Jeff Boedges: Yeah. Well, nothing against Lubbock people. Please don’t send hate mail. Yeah, we love Lubbock.
Ian Lindemann: No, no, no, I think they changed the rules honestly so good for Lubbock.
Rick Kiley: Yeah. Awesome.
Jeff Boedges: Well, good for us. Let’s all meet up in Lubbock and we’ll toast a Buddy Holly.
Ian Lindemann: Well, that’s great, guys. I really appreciate the opportunity to get on and have a chance to discuss debt financing options for cultivators and how that has a role.
Rick Kiley: It was a lot more enjoyable conversation about debt financing than you would have thought.
Jeff Boedges: Absolutely. I think you guys are putting the fun back in debt funds.
Ian Lindemann: I’m like, “Oh, man, their listeners are going to be bleeding from their ears,” but no, I really enjoyed this. This is fun.
Rick Kiley: Great. And if we do have anybody who’s looking to originate a loan in the cannabis industry and they wanted to contact you, reach out, find out more, where would the best place for them be to do that?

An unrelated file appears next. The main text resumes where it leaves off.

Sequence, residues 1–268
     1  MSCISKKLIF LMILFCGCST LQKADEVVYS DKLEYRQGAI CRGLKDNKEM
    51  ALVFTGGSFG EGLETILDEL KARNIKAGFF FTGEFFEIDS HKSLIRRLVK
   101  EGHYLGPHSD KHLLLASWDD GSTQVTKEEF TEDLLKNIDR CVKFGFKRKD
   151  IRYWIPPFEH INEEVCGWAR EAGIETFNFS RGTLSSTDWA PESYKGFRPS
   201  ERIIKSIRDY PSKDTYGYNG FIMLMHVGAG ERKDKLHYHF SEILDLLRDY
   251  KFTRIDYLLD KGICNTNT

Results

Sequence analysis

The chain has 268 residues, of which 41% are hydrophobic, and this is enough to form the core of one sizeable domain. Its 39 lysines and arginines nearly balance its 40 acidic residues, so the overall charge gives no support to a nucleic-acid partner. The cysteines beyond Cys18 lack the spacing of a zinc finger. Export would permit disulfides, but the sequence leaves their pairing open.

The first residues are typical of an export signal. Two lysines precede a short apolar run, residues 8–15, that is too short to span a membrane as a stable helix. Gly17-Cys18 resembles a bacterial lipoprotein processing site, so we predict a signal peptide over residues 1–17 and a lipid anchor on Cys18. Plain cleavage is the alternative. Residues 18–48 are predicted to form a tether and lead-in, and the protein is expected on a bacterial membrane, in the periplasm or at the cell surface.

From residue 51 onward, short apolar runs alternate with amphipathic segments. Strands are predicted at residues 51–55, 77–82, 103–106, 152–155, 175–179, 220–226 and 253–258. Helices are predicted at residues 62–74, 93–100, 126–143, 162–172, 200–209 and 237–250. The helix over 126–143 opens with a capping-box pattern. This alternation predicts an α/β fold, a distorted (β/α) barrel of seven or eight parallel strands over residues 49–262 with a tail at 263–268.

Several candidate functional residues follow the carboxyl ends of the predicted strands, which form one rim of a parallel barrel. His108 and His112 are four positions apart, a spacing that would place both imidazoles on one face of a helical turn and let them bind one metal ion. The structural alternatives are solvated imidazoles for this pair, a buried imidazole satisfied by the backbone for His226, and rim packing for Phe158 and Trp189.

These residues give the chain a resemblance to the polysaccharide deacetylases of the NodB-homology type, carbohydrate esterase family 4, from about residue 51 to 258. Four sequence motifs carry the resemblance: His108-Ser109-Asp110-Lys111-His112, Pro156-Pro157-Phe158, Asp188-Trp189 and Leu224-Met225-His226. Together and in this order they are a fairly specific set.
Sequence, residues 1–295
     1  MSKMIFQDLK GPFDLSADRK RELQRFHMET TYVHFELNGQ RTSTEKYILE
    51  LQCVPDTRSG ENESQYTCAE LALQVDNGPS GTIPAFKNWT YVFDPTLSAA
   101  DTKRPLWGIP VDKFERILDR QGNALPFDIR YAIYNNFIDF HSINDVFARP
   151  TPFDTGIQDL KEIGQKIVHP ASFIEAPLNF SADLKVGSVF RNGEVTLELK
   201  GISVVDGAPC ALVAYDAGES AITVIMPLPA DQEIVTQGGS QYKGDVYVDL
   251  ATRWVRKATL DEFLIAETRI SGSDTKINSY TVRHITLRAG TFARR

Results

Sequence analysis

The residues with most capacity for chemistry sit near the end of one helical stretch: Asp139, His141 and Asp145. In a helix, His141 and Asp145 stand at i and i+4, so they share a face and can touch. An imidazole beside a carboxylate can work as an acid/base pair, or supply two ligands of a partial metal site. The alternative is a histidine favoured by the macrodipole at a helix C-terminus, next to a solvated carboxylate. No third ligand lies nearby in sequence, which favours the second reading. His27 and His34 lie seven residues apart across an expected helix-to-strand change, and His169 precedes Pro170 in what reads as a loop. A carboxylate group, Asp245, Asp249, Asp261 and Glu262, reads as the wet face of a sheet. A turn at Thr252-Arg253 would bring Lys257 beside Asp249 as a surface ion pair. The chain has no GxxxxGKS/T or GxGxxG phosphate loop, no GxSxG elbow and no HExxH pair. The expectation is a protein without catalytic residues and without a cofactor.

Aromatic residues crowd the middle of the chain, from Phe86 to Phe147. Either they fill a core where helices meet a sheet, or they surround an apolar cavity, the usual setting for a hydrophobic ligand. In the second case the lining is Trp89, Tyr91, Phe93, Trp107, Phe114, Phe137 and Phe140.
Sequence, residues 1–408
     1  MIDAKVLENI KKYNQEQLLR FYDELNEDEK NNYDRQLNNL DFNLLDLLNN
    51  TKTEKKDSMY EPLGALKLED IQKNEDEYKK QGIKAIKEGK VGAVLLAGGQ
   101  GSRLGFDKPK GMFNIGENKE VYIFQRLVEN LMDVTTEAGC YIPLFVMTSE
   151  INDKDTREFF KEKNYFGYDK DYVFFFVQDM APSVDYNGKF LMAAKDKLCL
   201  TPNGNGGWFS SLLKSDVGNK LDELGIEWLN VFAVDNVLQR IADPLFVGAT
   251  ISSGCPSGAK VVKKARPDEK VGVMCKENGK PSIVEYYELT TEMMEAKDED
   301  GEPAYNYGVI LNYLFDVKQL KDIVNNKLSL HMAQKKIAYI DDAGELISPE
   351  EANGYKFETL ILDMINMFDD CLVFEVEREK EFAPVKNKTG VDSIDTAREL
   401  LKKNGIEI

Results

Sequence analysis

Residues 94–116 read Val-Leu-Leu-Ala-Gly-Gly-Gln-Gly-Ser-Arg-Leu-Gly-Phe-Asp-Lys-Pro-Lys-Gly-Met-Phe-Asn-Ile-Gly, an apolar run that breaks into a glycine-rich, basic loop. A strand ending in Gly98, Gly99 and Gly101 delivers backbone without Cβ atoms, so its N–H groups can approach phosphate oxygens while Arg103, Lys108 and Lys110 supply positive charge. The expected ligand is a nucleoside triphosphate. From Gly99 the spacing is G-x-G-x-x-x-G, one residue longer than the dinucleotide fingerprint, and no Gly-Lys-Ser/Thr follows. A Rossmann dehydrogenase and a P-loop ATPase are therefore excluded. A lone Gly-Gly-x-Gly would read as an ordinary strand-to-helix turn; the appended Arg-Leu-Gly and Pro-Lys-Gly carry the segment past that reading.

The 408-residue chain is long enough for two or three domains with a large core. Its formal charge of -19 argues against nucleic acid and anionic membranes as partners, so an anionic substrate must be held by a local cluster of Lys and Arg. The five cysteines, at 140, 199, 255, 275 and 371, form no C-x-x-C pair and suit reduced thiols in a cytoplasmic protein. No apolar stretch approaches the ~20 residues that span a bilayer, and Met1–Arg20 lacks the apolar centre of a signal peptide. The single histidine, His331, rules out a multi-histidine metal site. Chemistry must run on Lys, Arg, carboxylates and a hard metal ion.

Ian Lindemann: A great place to jump off would be going to LeadFunding.com/Cannabis. You can obviously find the tab on the main page but I think it kind of will get you right to what you’re looking for and/or you could reach out to me directly at email@example.com. Always happy to run through different lending scenarios and help make sure we’re pointing prospective borrowers in the right direction.
Rick Kiley: Great. Awesome, Ian. Really good talking to you today. Enjoy your day, enjoy your weekend, and good luck with everything.
Jeff Boedges: Watch out for those dogs.
Ian Lindemann: Absolutely. Well, Rick, Jeff, thank you both for your time and look forward to staying in touch here. Thank you. Thank you both.
Rick Kiley: All right. Cheers.
Jeff Boedges: Bye.
Rick Kiley: Thanks for listening. If you enjoyed today’s episode of The Green Repeal, hit the subscribe button so future episodes are automatically downloaded directly to your device. And if you want access to today’s show notes, including links to all the resources mentioned, visit SOHOExp.com/GreenRepeal.